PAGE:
o Prior to enactment of the Hyde Amendment in 1976, the federal government paid for about 300,000 elective abortions annually through Medicaid. It is conservatively estimated that the Hyde Amendment has saved at least 1,000,000 human lives.

o Three months after taking office, President Clinton urged Congress to repeal all restrictions on federal funding of abortion, including the Hyde Amendment. However, throughout 1993, senior Administration officials said repeatedly that even if the Hyde Amendment were repealed, the Administration would respect "state flexibility" and would not force individual states to weaken their own restrictions on state funding of Medicaid abortions. [Citations on request.]

o Subsequently, both houses of Congress voted to renew the Hyde Amendment, but revised it to permit federal reimbursement for abortions in cases of rape or incest. Reneging on the earlier assurances, on December 28, 1993, the Department of Health and Human Services issued a directive ordering all states to contribute _state_ funds for abortions in cases of rape or incest -- and to allow abortionists to waive any state laws requiring reporting of such crimes to law enforcement or health agencies.

o The Administration directive undercut the pro-life policies of 37 states. Indeed, the directive was carefully crafted to provide maximum legal assistance to private proabortion groups in their attempts to strike down all limitations on state-funded abortions. The _Washington Post_ reported that the legal "analysis" underlying the directive was done by DHHS Deputy General Counsel Nan Hunter, previously a staff attorney with the American Civil Liberties Union, and her boss, DHHS General Counsel Harriet Rabb, previously associated with the ACLU's New York affiliate.

o Congressman Henry Hyde issued a comment (January 19, 1994) which read in part: "Congress did not vote to define abortion in cases of rape and incest as 'medically necessary' or otherwise compel states to pay for such abortions. . . This Administration clearly intends to use the executive power to expand taxpayer funding of abortion whenever possible. This overreaching decree will throw a spotlight on the Clinton health care bill, which would require every American to purchase health insurance to pay for abortion on demand."

o Because of the Administration directive, in May a federal court in Colorado invalidated a provision of the state constitution, prohibiting tax-funded abortions except to save the mother's life, which had twice been approved by the electorate. As a result, Colorado is currently forced to pay for abortion on demand under Medicaid, with _state_ funds. In response to the Administration decree, 36 other states have either liberalized their Medicaid abortion policies, or are being threatened by the Administration with the loss of all Medicaid funds if they do not comply.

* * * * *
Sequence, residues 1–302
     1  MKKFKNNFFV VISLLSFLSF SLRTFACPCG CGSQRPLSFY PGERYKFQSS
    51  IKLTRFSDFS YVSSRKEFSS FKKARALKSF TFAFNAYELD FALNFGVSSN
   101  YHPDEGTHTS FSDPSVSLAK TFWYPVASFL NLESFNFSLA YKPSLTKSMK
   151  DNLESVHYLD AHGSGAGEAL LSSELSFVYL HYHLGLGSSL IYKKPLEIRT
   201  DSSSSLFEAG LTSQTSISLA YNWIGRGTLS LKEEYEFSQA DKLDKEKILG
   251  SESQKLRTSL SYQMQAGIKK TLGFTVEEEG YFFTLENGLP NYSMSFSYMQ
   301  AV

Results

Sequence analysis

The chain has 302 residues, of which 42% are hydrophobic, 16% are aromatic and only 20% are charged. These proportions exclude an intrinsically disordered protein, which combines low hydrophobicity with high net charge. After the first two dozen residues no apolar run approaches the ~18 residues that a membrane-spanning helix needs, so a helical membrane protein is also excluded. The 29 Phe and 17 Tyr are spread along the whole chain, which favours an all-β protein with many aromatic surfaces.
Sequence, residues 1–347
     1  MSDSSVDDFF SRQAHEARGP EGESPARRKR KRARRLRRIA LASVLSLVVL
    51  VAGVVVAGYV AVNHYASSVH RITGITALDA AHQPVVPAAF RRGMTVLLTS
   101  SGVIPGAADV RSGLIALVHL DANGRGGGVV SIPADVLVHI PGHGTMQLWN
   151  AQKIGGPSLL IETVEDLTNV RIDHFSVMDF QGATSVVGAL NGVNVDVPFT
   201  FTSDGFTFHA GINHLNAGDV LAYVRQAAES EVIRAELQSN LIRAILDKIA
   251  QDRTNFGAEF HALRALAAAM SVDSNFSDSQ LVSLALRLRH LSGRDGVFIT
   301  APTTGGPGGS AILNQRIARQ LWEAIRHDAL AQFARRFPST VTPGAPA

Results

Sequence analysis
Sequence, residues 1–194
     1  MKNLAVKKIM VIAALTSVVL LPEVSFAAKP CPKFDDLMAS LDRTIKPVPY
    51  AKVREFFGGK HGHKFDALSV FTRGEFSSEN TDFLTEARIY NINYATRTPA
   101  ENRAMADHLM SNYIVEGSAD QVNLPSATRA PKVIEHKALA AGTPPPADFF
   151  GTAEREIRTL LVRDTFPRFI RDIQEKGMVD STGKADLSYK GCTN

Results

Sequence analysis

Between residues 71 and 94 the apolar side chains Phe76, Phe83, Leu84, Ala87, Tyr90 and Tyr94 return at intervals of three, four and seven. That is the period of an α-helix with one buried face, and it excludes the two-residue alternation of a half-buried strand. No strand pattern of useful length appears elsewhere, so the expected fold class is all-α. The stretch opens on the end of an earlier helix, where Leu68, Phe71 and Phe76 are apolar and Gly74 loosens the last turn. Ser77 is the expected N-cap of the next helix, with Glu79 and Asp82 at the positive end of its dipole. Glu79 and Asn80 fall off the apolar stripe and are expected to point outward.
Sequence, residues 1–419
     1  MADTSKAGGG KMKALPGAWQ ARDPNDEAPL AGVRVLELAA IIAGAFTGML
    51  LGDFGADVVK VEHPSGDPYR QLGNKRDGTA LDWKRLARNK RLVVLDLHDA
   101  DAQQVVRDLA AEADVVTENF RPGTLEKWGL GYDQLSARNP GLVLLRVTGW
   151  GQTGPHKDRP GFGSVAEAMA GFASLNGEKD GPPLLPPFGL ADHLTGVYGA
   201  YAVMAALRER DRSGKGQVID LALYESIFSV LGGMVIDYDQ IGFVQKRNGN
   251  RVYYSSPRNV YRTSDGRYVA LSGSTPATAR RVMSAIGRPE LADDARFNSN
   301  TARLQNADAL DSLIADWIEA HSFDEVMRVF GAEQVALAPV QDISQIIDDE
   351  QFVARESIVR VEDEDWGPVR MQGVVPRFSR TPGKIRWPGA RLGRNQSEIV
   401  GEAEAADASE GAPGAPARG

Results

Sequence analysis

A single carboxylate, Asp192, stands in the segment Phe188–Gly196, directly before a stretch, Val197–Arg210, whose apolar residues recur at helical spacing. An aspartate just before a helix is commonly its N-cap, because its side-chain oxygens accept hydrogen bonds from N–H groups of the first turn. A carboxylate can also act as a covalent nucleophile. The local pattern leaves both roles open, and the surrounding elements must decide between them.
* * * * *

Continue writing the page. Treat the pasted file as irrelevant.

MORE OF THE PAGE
o The Bush Administration funded research on the French drug RU 486 only for non-abortion purposes, but not as an abortifacient. On January 22, 1993, Clinton ordered the Secretary of Health and Human Services to "promptly assess initiatives by which the Department of Health and Human Services can promote the testing, licensing, and manufacturing in the United States of RU 486." Subsequently, Clinton's choice to head the Food and Drug Administration, David Kessler, aggressively pressured the French manufacturer of RU 486, Roussel Uclaf, to arrange for the drug to be licensed in the United States.

o In May, 1994, Roussel Uclaf announced that it had turned over its patent rights to RU 486 to the Population Council, a private proabortion advocacy group, in order to allow the Council to seek FDA approval to market the drug as an abortifacient in the United States. A representative of Roussel Uclaf, Lester Hyman, testified before a congressional subcommittee on May 16, 1994, "It was only when President Clinton changed the governmental policy and specifically asked Roussel to make the procedure available here that our client [Roussel Uclaf], out of respect for the President of the United States, agreed to make every effort to comply with this request."


o The President appointed as Attorney General a hard-core supporter of abortion, Janet Reno. At a meeting with leaders of pro-abortion advocacy organizations on October 29, 1993, Reno "was so determined to show her support for their plight, observers say, that she gave them her home telephone number and told them to contact her there anytime." (_Family Planning World_, January/February 1994, p. 9)

o Clinton and Ms. Reno made enactment of the "Freedom of Access to Clinic Entrances" (FACE) bill (S. 636) a "top priority" for the Justice Department. President Clinton signed the bill into law on May 26, 1994. The bill makes it a federal crime to interfere with anyone who is providing or seeking abortions, even through non-violent "physical obstruction." NRLC and its affiliates do not support, encourage, or engage in illegal activities. However, NRLC opposed the FACE Act because it targets pro-life activists' free speech for special harsh penalties that do not apply to other activists (anti-war, animal rights, pro-environmental, proabortion, etc.) who commit the same kinds of acts, and because the bill authorizes lawsuits that will be used to suppress peaceful, legal free speech activities such as picketing, leafletting, and sidewalk counseling outside abortion clinics. The constitutionality of the law is being challenged in several federal lawsuits.